Susan Kramer: To ask the Secretary of State for Environment, Food and Rural Affairs what assessment he has made of the merits of a UK derogation from the nitrogen oxide provisions of the EU Air Quality Directive; whether he plans to meet the European Commission to discuss the matter; and if he will make a statement. 
Jonathan Shaw: The UK is working to meet ambient air quality limit values in the shortest time possible. The UK Air Quality Strategy provides full details which can be found on the DEFRA website. The nitrogen dioxide limit values are extremely challenging and current projections indicate that despite these efforts, the UK, like most other member states, expects to report breaches beyond the 2010 compliance deadline. Subject to a full public consultation, the Government will therefore need to use the provision in the new Ambient Air Quality Directive which gives the possibility of a further five years to meet the limit values.
A successful application to the European Commission will need to demonstrate how compliance with the limit values will be achieved by 2015. The Government, with the devolved Administrations, are currently working to establish the extent and nature of the measures that will be required.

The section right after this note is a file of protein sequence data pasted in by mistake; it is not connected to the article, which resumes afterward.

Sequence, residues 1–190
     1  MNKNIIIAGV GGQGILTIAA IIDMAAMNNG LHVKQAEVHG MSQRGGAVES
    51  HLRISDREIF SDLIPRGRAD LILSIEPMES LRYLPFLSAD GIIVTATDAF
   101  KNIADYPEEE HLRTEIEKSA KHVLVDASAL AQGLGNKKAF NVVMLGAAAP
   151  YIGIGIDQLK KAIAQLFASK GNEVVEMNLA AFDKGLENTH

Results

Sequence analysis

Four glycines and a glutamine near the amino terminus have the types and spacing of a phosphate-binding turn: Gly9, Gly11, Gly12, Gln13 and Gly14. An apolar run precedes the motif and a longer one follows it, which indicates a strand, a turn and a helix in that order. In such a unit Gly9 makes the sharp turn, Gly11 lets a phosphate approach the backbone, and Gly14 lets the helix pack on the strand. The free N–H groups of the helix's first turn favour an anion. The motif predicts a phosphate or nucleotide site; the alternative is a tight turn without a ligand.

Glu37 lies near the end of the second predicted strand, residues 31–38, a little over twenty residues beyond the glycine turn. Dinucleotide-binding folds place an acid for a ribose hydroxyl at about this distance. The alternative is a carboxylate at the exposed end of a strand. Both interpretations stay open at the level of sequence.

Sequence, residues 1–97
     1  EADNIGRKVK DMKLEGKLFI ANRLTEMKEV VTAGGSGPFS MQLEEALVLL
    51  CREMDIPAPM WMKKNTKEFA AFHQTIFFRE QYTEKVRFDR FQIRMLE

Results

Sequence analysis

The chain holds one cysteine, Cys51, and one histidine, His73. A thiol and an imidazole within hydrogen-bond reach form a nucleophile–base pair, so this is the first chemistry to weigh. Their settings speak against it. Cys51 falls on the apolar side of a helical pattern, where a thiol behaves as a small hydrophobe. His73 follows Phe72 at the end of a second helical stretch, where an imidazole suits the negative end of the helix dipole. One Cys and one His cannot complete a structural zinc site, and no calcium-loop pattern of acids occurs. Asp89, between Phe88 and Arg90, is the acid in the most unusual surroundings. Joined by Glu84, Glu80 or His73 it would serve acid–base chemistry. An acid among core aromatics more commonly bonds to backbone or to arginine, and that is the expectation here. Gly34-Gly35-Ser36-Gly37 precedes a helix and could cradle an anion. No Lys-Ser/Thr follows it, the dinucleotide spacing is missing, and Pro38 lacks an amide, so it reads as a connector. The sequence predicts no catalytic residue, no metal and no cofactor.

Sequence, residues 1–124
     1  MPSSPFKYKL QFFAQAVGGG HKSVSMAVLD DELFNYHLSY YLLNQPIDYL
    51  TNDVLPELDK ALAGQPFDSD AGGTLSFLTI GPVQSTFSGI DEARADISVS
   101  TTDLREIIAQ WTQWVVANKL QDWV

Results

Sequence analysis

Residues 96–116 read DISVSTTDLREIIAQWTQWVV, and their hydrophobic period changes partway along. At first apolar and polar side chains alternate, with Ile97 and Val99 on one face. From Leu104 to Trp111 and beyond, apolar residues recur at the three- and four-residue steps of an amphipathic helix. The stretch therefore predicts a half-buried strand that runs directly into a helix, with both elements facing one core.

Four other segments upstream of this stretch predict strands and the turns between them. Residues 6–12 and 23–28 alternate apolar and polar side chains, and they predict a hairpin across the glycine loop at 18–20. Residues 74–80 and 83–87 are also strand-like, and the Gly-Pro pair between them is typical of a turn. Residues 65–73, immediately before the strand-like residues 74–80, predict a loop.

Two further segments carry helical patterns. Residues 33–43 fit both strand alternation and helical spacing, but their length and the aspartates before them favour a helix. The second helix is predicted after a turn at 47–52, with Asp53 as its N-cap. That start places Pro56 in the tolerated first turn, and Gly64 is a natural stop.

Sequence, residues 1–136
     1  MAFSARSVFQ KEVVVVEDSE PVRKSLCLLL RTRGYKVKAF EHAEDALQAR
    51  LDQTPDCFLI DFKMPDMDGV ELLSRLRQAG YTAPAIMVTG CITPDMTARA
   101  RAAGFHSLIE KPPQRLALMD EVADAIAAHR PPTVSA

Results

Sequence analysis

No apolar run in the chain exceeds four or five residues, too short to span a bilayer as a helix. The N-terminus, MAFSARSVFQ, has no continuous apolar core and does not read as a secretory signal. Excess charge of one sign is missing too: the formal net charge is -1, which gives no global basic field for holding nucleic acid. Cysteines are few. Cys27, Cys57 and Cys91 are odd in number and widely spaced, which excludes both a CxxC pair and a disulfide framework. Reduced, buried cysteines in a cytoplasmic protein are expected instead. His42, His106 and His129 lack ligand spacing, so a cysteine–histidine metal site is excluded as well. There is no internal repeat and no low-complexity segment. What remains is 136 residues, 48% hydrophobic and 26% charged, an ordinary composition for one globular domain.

Mr. Woolas: The Government announced in February 2007 their decision to transfer private sewers and lateral drains draining to the public sewerage system into water company ownership. We subsequently published a public consultation in July 2007 on implementation options for the proposed transfer. The consultation also posed questions on the scope of assets to be included in the transfer and ways in which the creation of new private sewers could be prevented.
A summary of responses was published in March 2008 and we are currently considering in detail the issues raised with the help of a steering group of key stakeholders. The work of the steering group will inform the decision on the timing of transfer and we expect to make an announcement later this year.